There can come a time when a broker has to say good-bye. (Photo by _6ft5)
A real estate broker infrequently has to bid adieu to a buyer or seller who is devious or merely mischievous. And it always is regrettable when that situation arises.
The fact is that, when it comes to real estate, the customer is not always right. In that case, the customer or client should be fired. Continue reading
Montague Terrace, Brooklyn Heights (Flickr photo by lumierefl)
A friend sent me the link to a New York Times blog, where an anonymous commenter told an anecdote that raised my hackles and, as well, the hair on my head.
It seems a Brooklyn Heights real estate broker leaped over the line of conflict of interest and landed with both feet on the square of ethical violation.
According to the post, the broker is married to the president of a co-op board in the building where the writer, a first-time buyer and foreigner, hoped to live. The commenter quoted the broker, who is the female half of the couple, as maintaining that she knew exactly what sort of shareholder the board was seeking–“and don’t worry.”
The woman and her husband would facilitate the process, the broker reportedly said. The comment continues: Continue reading
(Flickr photo by ac4lt)
A recent Wall Street Journal first-person piece by a newbie broker had me chuckling and nodding in agreement.
However, you may gasp in horror at how little useful information real-estate brokers acquire during the abysmally small amount of online education or class hours required to obtain a license. You also may think twice about working with a broker who is just breaking into the field (though I am, of course, sympathetic to their plight, which I shared some years ago).
Evoking the drudgery depicted in the film, American Beauty, Alyssa Abkowitz also confesses Continue reading
A smart guy I met not long ago approvingly quoted a broker friend of his on the definition of a good broker.
The friend told him that a good broker was one who was able to counter objections successfully.
To my thinking, that broker meant only that a good broker could sell a studio apartment to a family of five, a house in Jamaica, Queens to a first-year associate at a high-powered law firm or a sixth-floor walk-up to a 90-year-old pensioner.
In other words, the definition seems to mean that a good broker is a good salesperson. If perhaps I’ve misunderstood the meaning, the fact remains that too many brokers put themselves ahead of their buyers and sellers. That’s just not ethical. Continue reading
What kind of world would we have without trust?
If you are anything like the typical consumer, you very likely don’t believe what a real estate broker tells you. Do you trust information from a broker on such matters as:
- The square footage of an apartment in the event that the listing broker is rash enough to commit to a number, daring a subsequent lawsuit.
- Ceiling height.
- When any renovations were completed.
- How much it will cost for any improvements you have in mind.
- A board’s approach to potential buyers.
- The seller’s flexibility on price.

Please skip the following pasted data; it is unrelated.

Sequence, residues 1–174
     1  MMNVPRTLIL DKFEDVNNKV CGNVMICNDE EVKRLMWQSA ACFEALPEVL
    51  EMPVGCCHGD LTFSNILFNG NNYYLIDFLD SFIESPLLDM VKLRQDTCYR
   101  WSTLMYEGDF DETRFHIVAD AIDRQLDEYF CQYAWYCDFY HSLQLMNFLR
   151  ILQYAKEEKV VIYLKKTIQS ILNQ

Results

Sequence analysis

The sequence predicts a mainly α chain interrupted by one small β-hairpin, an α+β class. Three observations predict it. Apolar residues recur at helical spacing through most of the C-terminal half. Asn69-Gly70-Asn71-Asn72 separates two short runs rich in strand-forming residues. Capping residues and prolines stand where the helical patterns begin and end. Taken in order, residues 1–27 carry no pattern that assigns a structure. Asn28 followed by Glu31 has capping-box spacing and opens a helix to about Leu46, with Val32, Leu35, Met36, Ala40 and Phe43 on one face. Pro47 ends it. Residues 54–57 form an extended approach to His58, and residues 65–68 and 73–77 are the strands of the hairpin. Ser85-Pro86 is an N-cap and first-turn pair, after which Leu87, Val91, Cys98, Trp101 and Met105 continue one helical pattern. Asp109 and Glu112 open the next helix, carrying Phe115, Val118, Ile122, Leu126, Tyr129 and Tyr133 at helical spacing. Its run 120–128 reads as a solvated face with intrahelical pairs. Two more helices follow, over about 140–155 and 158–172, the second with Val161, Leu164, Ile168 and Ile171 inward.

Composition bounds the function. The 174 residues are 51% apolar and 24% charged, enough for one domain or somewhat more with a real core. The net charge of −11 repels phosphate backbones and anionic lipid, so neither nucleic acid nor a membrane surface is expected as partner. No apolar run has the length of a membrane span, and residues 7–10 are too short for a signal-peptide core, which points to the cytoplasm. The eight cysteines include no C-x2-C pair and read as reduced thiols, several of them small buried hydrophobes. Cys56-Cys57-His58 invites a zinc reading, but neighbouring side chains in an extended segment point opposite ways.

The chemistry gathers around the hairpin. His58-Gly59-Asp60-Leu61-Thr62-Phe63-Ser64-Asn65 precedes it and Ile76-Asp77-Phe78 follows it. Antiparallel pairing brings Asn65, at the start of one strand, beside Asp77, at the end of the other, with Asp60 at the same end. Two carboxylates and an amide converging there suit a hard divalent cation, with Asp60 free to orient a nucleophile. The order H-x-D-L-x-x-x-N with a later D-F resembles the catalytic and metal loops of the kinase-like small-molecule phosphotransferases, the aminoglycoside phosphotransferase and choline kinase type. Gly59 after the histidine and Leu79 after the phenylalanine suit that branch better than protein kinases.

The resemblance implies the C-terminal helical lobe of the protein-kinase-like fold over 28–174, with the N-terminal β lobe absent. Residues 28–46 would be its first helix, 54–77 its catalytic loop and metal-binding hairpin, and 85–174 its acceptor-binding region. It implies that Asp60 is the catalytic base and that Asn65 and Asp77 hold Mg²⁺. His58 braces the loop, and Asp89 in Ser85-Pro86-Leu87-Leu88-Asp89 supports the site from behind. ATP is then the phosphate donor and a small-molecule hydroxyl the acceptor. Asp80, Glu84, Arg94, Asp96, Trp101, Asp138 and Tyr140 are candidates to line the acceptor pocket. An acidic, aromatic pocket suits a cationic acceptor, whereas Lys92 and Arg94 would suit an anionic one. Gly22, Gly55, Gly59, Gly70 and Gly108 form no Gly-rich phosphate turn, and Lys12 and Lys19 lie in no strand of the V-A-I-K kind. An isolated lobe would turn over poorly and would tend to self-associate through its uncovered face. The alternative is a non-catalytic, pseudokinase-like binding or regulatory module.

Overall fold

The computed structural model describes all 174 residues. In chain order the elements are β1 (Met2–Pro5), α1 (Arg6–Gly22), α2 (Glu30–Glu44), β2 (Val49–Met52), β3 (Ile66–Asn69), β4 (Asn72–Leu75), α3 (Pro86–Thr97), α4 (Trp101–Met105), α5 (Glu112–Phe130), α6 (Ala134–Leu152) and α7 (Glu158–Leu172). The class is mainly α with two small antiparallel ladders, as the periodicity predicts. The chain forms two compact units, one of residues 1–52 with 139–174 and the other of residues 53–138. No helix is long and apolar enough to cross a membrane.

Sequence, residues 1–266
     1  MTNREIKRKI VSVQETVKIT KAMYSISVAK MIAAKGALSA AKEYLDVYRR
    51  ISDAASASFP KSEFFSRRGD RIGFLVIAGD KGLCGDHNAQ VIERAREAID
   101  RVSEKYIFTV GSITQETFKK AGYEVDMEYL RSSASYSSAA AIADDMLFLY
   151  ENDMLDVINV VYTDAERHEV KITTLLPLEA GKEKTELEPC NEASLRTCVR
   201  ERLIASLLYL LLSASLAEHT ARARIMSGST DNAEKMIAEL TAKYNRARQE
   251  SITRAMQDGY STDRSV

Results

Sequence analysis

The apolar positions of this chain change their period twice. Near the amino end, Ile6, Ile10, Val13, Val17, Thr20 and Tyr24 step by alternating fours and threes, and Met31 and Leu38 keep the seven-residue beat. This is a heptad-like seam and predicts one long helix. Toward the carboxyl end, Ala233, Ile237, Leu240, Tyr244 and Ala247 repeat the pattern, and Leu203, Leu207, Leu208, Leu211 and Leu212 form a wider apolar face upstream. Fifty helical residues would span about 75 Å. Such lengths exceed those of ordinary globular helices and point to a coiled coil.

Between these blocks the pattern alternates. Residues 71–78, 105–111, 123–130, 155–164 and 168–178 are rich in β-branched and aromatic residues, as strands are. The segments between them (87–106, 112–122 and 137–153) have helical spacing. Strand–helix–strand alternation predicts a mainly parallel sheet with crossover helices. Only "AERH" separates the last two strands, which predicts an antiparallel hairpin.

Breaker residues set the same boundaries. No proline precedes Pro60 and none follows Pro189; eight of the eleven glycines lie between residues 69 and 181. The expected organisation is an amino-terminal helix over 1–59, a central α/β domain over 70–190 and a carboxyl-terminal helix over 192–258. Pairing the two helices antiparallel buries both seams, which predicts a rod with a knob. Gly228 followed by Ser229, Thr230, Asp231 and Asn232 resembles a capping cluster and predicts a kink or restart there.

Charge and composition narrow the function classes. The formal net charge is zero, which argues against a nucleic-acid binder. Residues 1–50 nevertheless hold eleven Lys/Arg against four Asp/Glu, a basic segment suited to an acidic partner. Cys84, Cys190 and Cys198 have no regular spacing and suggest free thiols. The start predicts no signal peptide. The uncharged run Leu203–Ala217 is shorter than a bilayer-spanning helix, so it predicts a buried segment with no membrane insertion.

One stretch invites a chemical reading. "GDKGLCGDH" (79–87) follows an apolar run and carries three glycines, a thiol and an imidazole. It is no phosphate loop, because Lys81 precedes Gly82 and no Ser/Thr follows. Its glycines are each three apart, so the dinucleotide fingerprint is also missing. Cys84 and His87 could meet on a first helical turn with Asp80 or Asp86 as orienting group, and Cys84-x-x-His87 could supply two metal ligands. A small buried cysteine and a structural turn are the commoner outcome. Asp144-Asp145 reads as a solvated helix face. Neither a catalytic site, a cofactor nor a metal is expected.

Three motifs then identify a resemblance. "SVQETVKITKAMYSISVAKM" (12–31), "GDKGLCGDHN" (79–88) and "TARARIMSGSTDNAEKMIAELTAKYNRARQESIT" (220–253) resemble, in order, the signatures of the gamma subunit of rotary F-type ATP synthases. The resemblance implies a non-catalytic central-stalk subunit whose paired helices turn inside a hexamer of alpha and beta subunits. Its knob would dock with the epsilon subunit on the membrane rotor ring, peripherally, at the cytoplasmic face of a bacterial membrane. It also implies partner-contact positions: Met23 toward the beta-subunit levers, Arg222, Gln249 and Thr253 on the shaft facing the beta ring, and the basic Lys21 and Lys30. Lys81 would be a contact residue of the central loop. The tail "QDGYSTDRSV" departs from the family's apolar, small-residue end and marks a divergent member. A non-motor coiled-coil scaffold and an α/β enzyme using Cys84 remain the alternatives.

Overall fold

- What the market value is of the place you’d like to sell.
- How much you can depend on the broker to be responsive and professional.
- Whether other offers are expected, in already, accepted or almost in contract.
- The perfect time to buy or sell.
Of course, you don’t trust a broker whom you don’t know pretty well. Nor should you. Continue reading
When it comes to many matters relating to real estate, the Big Apple often lags the rest of the country.
One prime example discussed on this blog concerns the continuing resistance, especially by the biggest brokerages, to a Multiple Listing Service (MLS) even while reluctantly accepting VOWs (Virtual Online Web sites).
Another example involves the strictures of the Fair Housing Act, along with other anti-discrimination legislation on the municipal, state and and federal levels.
Such measures protect certain “classes” of consumers–for instance, by the source of their income, marital status, age, race and sexual orientation. (In D.C., sellers may not discriminate by what is called matriculation, that is, against students.) The list of protected classes can rise into the high teens.
Well schooled about the subtleties of the law when I was affiliated with Long & Foster Real Estate in D.C., I was astonished to see how flagrantly the provisions of the law were violated with impunity by brokers here in New York City. Continue reading
Perhaps you read a lengthy and largely admiring profile last Sunday about the nonagenarian broker credited with helping to save Ditmas Park, Brooklyn, from a downhill slide.
In that piece, Mary Kay Gallagher is quoted as saying that she got into real estate as a kind of civic duty, “to help find responsible guardians for the shingled, gabled and columned behemoths in her own backyard.”
As suburbia beckoned many of the middle-class white families that had populated the Flatbush area, the minority population surged to 20 percent in 1970 from 2 percent in 1960, according to the Times article on the woman. Blockbusting by brokers wanting to repurpose the area became a viable threat.
Once the so-called Old Guard moved out, what mattered to the 90-year-old broker was replacing them with owners who cared enough and could afford to maintain their properties and preserve the neighborhood’s aesthetic. Continue reading